A choroidal nevus is a form of intraocular tumor. And while it would obviously be scary to hear you have a tumor growing on your eye, a choroidal nevus is typically benign.
It can, however, lead to lesions or blood vessel abnormalities that could threaten your eye health.5
Choroidal Nevus and Retinal Detachment
Now, there are some cases where a choroidal nevus can start to leak. This can lead to something called a retinal detachment.6
When this occurs, the retina becomes separated from the tissue that supports it. For some individuals, the result can be a loss of vision. The main job of the retina is to transmit visual images to the brain via the optic nerve.
Symptoms of a retinal detachment include seeing spots or flashes of light. Surgery is sometimes needed in order to address the issue so a patient can once again see normally.7
When to See a Doctor if You Have an Eye Freckle
Even though eye freckles are typically harmless, you should always see your eye doctor when you spot one. This is especially the case if you’re experiencing any odd symptoms, like:
- Seeing flashing lights
- Pain in the eye
- Vision changes
- Changes in the color, shape, or size of the freckle8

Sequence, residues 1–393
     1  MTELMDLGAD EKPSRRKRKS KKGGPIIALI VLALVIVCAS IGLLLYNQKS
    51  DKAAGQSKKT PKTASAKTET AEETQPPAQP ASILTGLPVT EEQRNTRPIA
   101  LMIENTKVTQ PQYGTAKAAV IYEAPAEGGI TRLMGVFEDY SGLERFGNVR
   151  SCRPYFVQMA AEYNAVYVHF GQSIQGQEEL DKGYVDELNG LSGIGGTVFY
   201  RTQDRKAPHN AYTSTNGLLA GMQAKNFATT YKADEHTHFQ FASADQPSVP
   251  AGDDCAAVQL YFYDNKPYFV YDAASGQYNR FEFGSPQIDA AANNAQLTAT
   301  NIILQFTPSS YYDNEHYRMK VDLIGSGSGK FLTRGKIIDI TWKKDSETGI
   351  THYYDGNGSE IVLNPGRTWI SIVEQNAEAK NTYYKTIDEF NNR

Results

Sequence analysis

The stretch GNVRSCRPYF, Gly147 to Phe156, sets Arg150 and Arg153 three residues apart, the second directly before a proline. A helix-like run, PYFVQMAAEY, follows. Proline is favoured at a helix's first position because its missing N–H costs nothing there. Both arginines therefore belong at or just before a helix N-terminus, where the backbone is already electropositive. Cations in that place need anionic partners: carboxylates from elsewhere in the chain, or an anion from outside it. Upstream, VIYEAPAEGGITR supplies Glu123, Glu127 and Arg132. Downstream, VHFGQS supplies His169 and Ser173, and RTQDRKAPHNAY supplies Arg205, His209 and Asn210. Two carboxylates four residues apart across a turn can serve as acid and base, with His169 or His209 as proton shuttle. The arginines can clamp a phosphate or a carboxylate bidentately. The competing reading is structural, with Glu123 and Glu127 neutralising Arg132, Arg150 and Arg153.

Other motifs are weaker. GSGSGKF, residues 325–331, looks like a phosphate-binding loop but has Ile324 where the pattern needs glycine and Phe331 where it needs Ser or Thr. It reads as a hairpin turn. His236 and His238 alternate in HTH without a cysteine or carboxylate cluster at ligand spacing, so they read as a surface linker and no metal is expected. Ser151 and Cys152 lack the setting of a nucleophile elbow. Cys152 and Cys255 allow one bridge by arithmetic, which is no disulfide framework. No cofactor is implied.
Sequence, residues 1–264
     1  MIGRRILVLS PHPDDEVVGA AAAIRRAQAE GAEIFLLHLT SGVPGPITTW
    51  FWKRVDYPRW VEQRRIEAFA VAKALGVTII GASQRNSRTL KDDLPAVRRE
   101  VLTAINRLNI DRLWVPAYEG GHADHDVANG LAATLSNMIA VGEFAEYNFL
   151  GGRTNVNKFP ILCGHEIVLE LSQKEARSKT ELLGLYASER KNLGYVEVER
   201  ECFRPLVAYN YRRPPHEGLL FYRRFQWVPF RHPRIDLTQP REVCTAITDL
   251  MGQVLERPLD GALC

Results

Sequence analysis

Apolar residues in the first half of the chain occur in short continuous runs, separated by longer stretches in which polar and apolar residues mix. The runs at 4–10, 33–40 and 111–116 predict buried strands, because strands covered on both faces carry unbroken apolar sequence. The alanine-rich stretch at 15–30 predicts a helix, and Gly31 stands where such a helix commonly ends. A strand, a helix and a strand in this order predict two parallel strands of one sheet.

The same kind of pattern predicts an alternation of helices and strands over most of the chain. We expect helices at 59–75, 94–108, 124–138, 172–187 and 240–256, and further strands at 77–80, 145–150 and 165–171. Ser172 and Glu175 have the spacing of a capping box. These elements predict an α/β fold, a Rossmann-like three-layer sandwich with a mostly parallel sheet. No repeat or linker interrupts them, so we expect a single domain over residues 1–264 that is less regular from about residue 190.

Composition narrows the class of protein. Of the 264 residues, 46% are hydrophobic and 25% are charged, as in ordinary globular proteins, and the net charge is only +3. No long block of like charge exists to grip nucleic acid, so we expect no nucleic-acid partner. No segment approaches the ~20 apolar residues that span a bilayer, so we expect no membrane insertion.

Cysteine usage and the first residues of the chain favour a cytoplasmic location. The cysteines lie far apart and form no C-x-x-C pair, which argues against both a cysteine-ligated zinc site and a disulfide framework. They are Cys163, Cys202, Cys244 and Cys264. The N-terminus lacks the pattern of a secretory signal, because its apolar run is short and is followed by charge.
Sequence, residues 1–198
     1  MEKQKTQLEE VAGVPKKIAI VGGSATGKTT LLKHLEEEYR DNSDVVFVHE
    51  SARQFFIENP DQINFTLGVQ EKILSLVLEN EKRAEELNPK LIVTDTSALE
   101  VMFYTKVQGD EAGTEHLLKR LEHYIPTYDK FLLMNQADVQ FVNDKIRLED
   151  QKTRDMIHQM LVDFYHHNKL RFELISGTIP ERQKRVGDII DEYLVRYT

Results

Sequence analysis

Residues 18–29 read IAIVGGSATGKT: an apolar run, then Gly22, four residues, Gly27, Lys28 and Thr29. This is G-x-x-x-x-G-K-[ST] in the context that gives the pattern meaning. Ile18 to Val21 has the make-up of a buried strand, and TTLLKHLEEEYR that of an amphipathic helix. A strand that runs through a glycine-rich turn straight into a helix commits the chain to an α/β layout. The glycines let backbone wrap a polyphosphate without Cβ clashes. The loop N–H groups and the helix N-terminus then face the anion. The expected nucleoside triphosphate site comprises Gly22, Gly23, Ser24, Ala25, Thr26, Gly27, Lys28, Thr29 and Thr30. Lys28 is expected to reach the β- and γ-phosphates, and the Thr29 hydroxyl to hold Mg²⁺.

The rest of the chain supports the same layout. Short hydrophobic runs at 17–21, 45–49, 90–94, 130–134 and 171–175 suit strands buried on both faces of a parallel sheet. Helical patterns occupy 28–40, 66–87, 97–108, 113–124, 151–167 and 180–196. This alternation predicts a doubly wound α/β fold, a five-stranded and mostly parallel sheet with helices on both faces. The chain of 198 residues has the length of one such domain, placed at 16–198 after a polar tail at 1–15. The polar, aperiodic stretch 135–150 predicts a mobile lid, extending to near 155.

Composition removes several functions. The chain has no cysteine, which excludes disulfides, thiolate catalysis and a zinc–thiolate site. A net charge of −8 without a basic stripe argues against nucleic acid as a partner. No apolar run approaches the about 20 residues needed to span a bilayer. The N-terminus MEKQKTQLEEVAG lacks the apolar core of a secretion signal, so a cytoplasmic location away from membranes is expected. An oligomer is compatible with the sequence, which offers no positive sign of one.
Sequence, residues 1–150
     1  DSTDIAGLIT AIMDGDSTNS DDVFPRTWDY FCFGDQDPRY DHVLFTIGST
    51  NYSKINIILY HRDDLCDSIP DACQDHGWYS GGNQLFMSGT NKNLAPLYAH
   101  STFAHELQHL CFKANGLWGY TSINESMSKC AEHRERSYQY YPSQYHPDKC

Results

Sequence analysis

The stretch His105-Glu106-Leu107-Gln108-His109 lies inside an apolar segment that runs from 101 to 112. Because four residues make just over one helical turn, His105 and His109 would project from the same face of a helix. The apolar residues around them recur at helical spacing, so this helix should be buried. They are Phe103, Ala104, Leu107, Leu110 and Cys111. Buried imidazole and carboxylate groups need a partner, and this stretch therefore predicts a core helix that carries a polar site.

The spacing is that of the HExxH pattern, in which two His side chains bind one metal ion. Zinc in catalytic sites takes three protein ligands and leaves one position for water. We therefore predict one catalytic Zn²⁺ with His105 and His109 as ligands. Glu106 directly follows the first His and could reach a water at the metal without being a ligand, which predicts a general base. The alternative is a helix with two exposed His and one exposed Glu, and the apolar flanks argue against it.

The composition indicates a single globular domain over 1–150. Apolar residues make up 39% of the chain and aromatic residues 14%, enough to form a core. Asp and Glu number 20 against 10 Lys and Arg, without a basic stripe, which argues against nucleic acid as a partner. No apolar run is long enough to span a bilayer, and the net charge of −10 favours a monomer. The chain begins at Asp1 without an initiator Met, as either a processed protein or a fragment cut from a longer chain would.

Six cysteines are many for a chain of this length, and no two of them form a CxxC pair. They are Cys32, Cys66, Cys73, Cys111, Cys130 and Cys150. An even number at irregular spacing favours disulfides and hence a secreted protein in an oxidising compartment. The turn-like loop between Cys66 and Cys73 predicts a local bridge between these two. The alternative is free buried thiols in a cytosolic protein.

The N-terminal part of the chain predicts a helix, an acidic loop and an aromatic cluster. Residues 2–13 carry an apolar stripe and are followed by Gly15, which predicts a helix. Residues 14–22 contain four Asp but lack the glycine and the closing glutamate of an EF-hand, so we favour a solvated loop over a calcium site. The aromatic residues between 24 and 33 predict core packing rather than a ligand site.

Your doctor will perform a thorough eye examination, looking closely at the retina, iris, blood vessels, optic nerve, and all other areas of the eye. You’ll be asked about symptoms you’re having. Your eye doctor can make a diagnosis and recommend treatment.
How are Freckles in the Eye Treated?
Again, an eye freckle is harmless most of the time. There are, however, some cases where freckles or moles can signify something’s wrong. When that’s the diagnosis, treatment is needed to minimize the risk to your eye health.
If an eye freckle proves to be troublesome, surgery may be needed. Here are a few of the more common procedures.
This procedure removes portions of the iris where dangerous cells may be forming so that they can’t spread to other areas of the eye. Clinical trials are underway to determine the safety of a similar procedure called a peripheral iridotomy, which involves the use of a laser.9
This surgery involves removing a part of the iris, as well as a part of the eye called the ciliary body. This area between the retina and the white portion of the eye consists of a thin layer of tissue and blood vessels.10